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critical thinking?

by john.a.wills In reply to Local control is great

With good instruction in the relevant biological facts that will certainly lead you to evolution of most species rather than their special creation, but I fear that most children are taught evolution with as little critical thinking as some are taught special creation. Logically, after all, those are not the only two options, but few seem to see that. Furthermore, the word "creation" has a theological meaning distinct from the biological meaning, but some people (some evolutionists and some special-creationists) **** up when you point that out. How do Finnish children do on these matters?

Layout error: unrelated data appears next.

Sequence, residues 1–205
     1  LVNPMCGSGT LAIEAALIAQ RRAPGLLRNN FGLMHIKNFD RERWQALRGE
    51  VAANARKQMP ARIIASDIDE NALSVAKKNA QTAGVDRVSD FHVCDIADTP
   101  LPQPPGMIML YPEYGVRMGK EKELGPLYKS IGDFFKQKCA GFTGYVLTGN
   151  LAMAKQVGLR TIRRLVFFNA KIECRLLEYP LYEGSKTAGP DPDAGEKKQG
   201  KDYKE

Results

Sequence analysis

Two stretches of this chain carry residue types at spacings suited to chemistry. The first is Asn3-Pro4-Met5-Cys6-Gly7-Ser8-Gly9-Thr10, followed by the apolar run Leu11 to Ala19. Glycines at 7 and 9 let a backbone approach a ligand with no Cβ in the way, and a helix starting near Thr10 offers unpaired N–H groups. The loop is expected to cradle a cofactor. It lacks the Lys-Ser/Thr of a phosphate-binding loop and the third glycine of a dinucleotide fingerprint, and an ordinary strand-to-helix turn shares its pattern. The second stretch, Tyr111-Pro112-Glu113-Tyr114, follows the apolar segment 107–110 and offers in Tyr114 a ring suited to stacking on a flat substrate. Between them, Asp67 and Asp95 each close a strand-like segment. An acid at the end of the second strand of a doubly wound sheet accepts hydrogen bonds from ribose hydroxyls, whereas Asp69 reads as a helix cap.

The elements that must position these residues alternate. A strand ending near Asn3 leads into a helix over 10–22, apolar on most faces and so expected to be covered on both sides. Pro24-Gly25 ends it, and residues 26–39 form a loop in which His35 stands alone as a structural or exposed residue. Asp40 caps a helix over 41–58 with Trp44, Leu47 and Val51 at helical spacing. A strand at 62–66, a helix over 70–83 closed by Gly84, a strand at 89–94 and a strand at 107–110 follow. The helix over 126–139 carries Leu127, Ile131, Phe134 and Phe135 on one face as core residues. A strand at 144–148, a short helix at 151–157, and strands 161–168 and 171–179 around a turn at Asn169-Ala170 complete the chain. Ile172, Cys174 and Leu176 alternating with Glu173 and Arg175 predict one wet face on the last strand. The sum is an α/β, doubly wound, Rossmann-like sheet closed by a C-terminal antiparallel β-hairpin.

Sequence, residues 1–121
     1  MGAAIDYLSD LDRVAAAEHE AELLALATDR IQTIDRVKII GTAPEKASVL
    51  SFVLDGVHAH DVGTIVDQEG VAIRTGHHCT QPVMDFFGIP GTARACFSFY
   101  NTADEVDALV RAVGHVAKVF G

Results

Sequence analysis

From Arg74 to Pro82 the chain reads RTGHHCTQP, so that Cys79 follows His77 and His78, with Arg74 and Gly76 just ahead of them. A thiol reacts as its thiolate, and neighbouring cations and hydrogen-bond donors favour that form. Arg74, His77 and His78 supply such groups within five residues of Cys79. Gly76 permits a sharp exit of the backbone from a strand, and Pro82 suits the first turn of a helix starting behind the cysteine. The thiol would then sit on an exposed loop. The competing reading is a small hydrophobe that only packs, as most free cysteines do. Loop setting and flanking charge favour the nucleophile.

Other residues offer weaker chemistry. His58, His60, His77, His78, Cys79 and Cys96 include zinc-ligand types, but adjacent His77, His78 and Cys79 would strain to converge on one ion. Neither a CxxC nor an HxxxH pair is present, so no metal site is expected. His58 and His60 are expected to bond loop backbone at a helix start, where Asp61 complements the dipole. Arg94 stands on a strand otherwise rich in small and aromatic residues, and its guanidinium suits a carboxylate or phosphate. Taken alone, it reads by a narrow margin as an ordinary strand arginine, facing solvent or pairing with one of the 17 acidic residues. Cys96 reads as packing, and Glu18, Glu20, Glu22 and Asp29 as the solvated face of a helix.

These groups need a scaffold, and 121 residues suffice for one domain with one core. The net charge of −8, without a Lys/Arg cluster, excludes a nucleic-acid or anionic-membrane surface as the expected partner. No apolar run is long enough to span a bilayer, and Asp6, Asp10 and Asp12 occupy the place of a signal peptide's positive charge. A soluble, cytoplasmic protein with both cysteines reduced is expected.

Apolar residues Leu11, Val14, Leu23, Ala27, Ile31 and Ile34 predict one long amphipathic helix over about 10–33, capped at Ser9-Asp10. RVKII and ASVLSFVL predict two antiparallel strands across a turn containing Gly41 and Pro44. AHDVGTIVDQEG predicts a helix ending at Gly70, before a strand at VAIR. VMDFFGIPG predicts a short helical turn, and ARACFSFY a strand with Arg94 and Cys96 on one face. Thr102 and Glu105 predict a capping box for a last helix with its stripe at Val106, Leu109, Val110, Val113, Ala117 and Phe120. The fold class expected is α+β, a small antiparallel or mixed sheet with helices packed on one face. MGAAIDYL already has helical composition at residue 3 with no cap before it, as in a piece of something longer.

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More importantly what happens when

by HAL 9000 Moderator In reply to critical thinking?

Some Bright Spark in the Southern States decides that the Civil War wasn't actually fought along the lines in Established History but was nothing more than the Poor North Suppressing the then Rich South and that they still are. They can push for a 2 State Solution where the South is another Country and they can return to their Tried & True Ways.

When you allow any Local Person/s to make decisions on the Education Syllabus you run the risk of their Pet Projects being pushed to the detriment of everything.